Glenn M. Anderson

From Wikipedia, the free encyclopedia
Jump to: navigation, search
Glenn M. Anderson
Glenn M Anderson.jpg
Member of the U.S. House of Representatives
from California's 32nd district
In office
January 3, 1975 – January 3, 1993
Preceded by Craig Hosmer
Succeeded by Julian C. Dixon
Chairman of House Transportation Committee
In office
January 3, 1988 – January 3, 1991
Preceded by James J. Howard
Succeeded by Robert A. Roe
Member of the U.S. House of Representatives
from California's 35th district
In office
January 3, 1973 – January 3, 1975
Preceded by John G. Schmitz
Succeeded by James F. Lloyd
Member of the U.S. House of Representatives
from California's 17th district
In office
January 3, 1969 – January 3, 1973
Preceded by Cecil R. King
Succeeded by Pete McCloskey
37th Lieutenant Governor of California
In office
January 5, 1959 – January 2, 1967
Governor Pat Brown
Preceded by Harold J. Powers
Succeeded by Robert Finch
Member of the California State Assembly
from the ? district
In office
1943–1951
Mayor of Hawthorne
In office
1940–1943
Personal details
Born (1913-02-21)February 21, 1913
Hawthorne, California, U.S.
Died December 13, 1994(1994-12-13) (aged 81)
Los Angeles, California, U.S.
Resting place Green Hills Memorial Park
Rancho Palos Verdes, California, U.S.
Political party Democratic
Alma mater University of California, Los Angeles (B.A.)

Glenn Malcolm Anderson (February 21, 1913 – December 13, 1994) was an American politician. He was the 37th Lieutenant Governor of California and later as congressman. He was a member of the Democratic Party.[1]

Anderson was born on February 21, 1913 in Hawthorne, California. He received a Bachelor of Arts from University of California, Los Angeles in 1936. He worked as a real estate developer and served in the United States Army.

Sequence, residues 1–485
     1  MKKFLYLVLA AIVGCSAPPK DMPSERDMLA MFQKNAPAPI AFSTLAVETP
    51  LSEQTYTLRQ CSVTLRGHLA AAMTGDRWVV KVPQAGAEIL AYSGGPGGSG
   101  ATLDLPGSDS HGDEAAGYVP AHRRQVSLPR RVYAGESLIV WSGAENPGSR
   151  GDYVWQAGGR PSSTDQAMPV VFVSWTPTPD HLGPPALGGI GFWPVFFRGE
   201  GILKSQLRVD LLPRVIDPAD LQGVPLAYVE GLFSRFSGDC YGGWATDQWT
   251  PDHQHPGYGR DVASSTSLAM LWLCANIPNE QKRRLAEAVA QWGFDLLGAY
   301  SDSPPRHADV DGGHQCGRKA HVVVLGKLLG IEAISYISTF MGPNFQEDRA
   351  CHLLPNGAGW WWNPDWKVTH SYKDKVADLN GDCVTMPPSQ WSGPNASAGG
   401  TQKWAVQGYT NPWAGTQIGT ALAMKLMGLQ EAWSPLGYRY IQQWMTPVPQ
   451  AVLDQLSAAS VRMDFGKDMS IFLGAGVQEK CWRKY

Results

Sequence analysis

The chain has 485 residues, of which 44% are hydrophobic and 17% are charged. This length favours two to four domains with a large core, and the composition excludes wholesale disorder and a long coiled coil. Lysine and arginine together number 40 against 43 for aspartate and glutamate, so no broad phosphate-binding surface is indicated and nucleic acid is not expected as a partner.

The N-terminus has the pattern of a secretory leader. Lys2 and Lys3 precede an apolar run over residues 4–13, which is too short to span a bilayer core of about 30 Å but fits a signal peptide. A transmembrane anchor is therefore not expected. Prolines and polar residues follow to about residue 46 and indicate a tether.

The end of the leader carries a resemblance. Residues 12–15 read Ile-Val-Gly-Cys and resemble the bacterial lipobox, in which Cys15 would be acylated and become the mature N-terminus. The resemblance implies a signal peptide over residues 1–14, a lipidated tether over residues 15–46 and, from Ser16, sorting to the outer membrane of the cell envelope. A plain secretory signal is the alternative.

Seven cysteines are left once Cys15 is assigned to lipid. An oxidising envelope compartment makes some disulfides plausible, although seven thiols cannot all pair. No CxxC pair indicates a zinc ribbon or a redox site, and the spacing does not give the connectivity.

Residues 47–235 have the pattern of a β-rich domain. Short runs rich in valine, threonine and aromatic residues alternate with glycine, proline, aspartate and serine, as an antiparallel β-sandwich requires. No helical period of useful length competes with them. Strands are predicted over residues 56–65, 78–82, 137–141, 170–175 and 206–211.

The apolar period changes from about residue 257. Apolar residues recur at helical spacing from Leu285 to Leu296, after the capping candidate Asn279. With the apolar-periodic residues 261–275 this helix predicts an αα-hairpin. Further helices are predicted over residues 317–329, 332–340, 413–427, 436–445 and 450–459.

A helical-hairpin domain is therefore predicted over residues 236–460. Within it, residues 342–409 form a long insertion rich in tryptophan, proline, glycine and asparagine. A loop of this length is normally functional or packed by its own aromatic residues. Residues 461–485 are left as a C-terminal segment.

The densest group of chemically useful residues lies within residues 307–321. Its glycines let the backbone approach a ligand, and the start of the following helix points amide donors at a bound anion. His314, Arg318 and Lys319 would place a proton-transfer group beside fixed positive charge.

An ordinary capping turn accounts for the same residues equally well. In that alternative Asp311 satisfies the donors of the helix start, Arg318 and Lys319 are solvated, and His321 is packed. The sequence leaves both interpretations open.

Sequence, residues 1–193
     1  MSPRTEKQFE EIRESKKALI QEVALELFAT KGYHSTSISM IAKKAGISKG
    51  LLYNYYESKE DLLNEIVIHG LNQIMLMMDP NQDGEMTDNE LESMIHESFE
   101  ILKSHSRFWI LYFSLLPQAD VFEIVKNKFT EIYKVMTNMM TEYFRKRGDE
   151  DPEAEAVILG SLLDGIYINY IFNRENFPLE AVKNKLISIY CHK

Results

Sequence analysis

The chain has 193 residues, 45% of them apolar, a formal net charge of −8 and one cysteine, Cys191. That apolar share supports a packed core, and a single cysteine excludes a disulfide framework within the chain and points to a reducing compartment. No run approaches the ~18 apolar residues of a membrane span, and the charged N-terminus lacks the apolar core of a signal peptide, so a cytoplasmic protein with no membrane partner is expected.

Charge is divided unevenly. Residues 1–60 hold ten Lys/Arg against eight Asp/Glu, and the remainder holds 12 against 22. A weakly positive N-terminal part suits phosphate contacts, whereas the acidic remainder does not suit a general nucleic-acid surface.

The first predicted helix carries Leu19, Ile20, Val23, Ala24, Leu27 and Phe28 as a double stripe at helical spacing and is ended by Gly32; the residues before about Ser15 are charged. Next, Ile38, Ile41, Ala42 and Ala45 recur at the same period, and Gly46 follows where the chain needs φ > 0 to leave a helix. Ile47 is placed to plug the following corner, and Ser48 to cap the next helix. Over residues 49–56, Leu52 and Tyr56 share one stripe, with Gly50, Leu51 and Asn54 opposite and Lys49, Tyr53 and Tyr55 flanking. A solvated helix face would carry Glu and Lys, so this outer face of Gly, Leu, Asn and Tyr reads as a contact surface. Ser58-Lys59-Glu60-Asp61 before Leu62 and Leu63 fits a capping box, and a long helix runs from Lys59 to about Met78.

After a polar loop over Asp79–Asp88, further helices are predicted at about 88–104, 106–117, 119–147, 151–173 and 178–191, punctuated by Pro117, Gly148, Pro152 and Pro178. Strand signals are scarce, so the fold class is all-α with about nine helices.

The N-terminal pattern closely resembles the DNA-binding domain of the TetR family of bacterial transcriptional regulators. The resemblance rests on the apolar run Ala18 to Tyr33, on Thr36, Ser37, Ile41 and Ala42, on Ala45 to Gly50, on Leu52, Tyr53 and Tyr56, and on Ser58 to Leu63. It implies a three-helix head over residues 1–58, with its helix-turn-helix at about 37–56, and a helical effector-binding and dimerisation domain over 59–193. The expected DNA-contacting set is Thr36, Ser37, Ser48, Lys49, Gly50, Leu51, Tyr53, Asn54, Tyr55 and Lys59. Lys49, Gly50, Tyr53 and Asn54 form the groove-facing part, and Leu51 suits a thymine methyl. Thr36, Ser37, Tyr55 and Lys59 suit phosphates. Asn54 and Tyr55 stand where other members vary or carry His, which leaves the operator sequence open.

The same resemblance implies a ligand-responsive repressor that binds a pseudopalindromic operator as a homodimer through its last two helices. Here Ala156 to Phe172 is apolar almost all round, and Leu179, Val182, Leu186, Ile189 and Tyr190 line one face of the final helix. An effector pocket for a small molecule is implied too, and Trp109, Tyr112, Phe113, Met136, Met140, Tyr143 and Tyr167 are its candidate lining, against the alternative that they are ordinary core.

Anderson was mayor of Hawthorne, California from 1940 to 1943 and a member of the California State Assembly from 1943 to 1951. He served as Lieutenant Governor of California from 1959 to 1967 but was defeated in a bid for a third term by Republican Robert Finch. During his office on August 13, 1965, he signed off on the orders to send 1,336 National Guard Troops into Los Angeles County, 48 hours after the Watts riots begun.

Anderson was first elected to the 91st Congress in 1968 and served 12 terms from 1969 to 1993. In Congress he became chair of the Committee on Public Works and Transportation. He decided not to run for re-election in 1992.

Anderson died on December 13, 1994[1] in Los Angeles, California, at the age of 81. He is interred in Green Hills Memorial Park, Rancho Palos Verdes, California.

The Interstate 105 in South Los Angeles is named in his honor as the "Glenn M. Anderson Freeway" but that name is rarely used. It is known colloquially as "the 105" freeway.

References[edit]

  1. ^ a b "Anderson, Glenn Malcolm". Who Was Who in America, 1993-1996, vol. 11. New Providence, N.J.: Marquis Who's Who. 1996. p. 6. ISBN 0837902258. 

External links[edit]

United States House of Representatives
Preceded by
Cecil R. King
Member of the U.S. House of Representatives
from California's 17th congressional district

January 3, 1969 – January 3, 1973
Succeeded by
Pete McCloskey
Preceded by
John G. Schmitz
Member of the U.S. House of Representatives
from California's 35th congressional district

January 3, 1973 – January 3, 1975
Succeeded by
James F. Lloyd
Preceded by
Craig Hosmer
Member of the U.S. House of Representatives
from California's 32nd congressional district

January 3, 1975 – January 3, 1993
Succeeded by
Julian C. Dixon
Political offices
Preceded by
Harold J. Powers
Lieutenant Governor of California
January 5, 1959 – January 2, 1967
Succeeded by
Robert Finch
Preceded by
James J. Howard
New Jersey
Chairman of House Transportation Committee
January 3, 1988 – January 3, 1991
Succeeded by
Robert A. Roe
New Jersey